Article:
If I'd never met DH (or, y'know, anyone else)... honestly, I don't know what I would have done. I never really thought about it. I met DH when I was doing a Screen & Media and English BA, and I probably would have kept doing that (possibly even a little better, due to spending less time in the computer labs emailing DH!). I might have then gotten the same job I did, as a behavioral therapist, or I might have been more motivated to seek a "proper" fulltime job. But I'm not a very careery person. I might have done some postgrad study, but it wouldn't necessarily have done me much good.
If DH and the kids died in a car crash, though? Me as I am now? That's a different story, even if we leave out the grieving process and the decent chunk of life insurance I'd get. :p I can think of a ton of things I'd like to do.
Study midwifery, or something baby-related. Try to get a "proper" job as a writer for a pregnancy/parenting magazine (like the one I currently write for), or some other... writey... jobby.... thing. TRAVEL! I wouldn't mind taking a menial job to earn money to backpack around Europe, although with my sense of direction that might end badly. Volunteer (I lean towards something involving pregnant women). Try out for plays and Broadway shows, and take classes in singing, acting and dancing. Do more extreme sports... well, not sports. Experiences. I did skydiving recently - a long-cherished dream - and it was fun, but actually not as exciting as I'd hoped. I want to paraglide and hang-glide and stuff, but I can't justify spending DH's hard-earned money on it! I'd also like to take some interest papers at Uni, in random subjects like psychology and anthropology and fashion design.
That said, I went through a real phase of feeling trapped and unhappy a year or two back. I felt like I was just starting to discover myself, but was being thwarted by the existence of my high-needs baby, and even (through no fault of his own) my husband. I don't feel like that any more. Back then I was depressed, tied 24/7 to a difficult baby, freaked out by the prospect of another traumatic birth, and doomily convinced that I'd just have to bite the bullet and suffer through the next twenty-five years or so before my kids left the nest and I could try to scrape my worn-out, pregnancy-raddled self back into some semblance of a human being.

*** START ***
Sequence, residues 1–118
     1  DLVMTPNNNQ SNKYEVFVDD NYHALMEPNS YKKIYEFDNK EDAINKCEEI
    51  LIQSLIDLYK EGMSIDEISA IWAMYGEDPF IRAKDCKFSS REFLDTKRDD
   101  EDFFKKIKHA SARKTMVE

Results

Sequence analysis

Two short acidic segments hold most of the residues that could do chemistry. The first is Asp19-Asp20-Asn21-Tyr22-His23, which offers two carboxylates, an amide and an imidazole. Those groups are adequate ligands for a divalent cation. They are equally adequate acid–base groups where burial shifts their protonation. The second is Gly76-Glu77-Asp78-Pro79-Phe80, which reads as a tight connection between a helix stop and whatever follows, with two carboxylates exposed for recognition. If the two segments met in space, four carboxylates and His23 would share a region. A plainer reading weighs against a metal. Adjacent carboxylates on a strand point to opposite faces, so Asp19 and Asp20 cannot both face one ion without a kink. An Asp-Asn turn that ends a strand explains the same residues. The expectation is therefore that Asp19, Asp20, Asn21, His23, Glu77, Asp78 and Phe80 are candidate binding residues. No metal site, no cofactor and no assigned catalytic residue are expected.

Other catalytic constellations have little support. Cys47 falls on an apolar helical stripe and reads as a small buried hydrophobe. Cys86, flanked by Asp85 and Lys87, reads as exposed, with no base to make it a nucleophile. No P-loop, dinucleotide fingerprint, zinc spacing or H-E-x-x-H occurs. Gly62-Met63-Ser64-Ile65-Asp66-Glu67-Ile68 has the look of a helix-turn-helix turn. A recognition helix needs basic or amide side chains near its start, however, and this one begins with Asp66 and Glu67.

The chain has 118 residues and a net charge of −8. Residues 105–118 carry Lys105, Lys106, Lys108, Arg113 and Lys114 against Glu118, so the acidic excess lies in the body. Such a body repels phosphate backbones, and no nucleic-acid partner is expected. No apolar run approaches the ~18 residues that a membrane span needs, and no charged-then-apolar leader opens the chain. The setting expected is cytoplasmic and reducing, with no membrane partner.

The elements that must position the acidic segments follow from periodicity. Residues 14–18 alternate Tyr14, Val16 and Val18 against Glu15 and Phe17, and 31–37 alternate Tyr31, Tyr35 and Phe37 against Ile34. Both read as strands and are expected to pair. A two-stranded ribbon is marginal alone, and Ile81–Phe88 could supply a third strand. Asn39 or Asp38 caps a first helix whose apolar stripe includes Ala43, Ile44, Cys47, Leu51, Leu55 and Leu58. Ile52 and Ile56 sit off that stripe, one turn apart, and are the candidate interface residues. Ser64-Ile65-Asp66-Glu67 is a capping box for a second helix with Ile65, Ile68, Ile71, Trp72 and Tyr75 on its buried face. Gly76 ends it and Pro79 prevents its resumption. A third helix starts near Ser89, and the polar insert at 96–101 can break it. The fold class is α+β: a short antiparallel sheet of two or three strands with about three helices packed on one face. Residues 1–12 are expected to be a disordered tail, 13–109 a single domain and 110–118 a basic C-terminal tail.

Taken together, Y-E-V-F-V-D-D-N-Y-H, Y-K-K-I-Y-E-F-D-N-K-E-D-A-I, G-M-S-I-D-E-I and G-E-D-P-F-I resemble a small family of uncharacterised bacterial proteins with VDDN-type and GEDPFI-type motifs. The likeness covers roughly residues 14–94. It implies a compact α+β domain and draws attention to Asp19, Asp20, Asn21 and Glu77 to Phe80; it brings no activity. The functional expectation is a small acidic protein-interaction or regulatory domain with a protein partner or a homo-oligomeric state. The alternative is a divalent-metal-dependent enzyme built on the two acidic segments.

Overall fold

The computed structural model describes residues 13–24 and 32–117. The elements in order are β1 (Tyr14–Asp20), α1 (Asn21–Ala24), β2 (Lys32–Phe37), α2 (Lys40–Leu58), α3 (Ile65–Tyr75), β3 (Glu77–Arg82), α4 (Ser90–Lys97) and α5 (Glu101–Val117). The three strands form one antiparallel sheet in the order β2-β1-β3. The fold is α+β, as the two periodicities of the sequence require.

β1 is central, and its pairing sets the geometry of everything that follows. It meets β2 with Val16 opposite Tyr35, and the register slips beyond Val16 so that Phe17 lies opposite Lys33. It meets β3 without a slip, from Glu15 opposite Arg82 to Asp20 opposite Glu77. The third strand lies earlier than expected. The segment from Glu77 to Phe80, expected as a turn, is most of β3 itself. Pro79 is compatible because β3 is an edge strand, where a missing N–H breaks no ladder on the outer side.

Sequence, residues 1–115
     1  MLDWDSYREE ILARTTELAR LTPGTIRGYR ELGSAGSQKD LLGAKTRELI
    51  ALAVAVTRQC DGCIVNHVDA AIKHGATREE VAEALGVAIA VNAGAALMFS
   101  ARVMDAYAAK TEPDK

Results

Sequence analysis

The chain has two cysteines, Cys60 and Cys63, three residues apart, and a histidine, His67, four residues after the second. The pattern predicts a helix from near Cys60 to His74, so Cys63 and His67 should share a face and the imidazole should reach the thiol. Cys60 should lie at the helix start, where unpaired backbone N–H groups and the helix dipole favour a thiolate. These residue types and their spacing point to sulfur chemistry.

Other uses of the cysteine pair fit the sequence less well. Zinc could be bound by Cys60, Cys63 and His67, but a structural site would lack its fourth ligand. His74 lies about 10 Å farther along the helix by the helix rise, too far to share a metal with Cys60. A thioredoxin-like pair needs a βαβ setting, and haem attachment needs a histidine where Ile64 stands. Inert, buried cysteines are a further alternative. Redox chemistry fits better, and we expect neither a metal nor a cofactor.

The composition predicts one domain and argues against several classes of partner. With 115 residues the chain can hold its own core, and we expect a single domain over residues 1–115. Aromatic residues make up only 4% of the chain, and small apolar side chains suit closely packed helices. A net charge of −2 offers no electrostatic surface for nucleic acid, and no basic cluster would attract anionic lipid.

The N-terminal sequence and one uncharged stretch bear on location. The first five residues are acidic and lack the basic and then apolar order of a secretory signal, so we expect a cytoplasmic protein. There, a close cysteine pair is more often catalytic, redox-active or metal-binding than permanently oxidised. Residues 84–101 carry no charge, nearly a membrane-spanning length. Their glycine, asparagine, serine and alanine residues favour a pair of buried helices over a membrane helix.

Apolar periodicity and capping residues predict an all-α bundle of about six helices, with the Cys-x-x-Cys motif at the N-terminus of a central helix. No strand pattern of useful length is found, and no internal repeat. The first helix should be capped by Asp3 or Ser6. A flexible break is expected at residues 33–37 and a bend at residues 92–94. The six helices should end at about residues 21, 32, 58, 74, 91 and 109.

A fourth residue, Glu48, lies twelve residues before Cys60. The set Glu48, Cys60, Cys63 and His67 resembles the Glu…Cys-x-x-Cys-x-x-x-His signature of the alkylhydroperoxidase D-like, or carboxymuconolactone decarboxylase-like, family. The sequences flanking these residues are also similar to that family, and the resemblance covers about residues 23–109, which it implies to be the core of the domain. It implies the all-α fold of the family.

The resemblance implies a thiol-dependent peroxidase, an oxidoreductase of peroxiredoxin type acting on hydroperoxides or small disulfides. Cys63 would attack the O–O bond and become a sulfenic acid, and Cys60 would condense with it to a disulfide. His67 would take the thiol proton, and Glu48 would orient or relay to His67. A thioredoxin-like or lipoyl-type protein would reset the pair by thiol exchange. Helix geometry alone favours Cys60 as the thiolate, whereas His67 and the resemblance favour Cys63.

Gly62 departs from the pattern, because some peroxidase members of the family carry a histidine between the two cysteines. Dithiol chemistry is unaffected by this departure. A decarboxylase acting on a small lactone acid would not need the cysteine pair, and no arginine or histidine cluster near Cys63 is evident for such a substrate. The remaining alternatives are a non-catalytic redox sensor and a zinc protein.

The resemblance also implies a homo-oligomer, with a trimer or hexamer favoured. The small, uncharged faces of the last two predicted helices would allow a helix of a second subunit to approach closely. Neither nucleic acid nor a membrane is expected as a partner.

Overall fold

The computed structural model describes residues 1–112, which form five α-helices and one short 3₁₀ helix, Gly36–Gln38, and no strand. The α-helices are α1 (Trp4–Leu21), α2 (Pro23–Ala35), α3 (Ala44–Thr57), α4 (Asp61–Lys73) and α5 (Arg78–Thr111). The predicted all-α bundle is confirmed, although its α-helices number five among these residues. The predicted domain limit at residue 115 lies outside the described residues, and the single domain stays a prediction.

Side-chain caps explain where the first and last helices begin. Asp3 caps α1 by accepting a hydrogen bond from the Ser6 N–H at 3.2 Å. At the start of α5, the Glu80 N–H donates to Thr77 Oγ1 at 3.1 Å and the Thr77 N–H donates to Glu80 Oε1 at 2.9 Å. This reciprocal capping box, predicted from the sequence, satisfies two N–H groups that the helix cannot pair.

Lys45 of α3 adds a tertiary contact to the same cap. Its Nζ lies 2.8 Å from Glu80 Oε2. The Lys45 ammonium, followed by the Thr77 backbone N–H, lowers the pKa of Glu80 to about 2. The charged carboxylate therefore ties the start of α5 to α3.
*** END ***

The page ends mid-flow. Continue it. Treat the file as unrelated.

Somewhere along the line I changed my attitude - not in a dramatic movie-of-the-week way, and it was probably largely to do with getting a bit more sleep. But I decided to focus on all the stuff I could do, even with a baby. I started a singing group at my house, because I couldn't go out to choir practices. A few years later, we just finished practicing for a performance at our church carol service (which, don't get me wrong, is the least glamorous venue in which one could choose to perform... it's not like "next stop, Carnegie Hall", but we have fun and sound, um, OK). I started freelance writing, because I could NAK, and a few years on I regularly publish articles for one magazine, and occasionally for others. I started a blog, and a few years on... well, it's read by, like, ten people, but at least I'm writing.
It's all baby steps, from my current life to the life I imagine myself leading. After two years in this house I finally put up hooks to store the aprons neatly, and felt like Martha Stewart for the rest of the week. :p I don't own a self-sufficient homestead yet, or perhaps ever, but there are a heck of a lot of pots on my deck, growing yummy things.
And doing those things, which I couldn't have done two years ago, makes me realise that the limitations I still have aren't so permanent. Ehh, so we don't have the money to travel, and DD wouldn't want to be dragged round the Louvre even if we did. Well, it'll be cooler in ten years' time when she's homeschooling and learning about the history we see; or in twenty years' time, if DH and I escape for a wedding anniversary... or in fifty years' time, when I've accumulated a lifetime of knowledge about ancient Rome and the Tower of London and French cuisine. If I never get to play Cosette (which I don't have the voice for anyway, frankly), well, if I work hard for twenty years I might be able to play Mrs Lovett.
I know it's hard to see when you're in the thick of it, but THIS TOO SHALL PASS. Really. I hope you find peace - it's a hard thing to struggle with.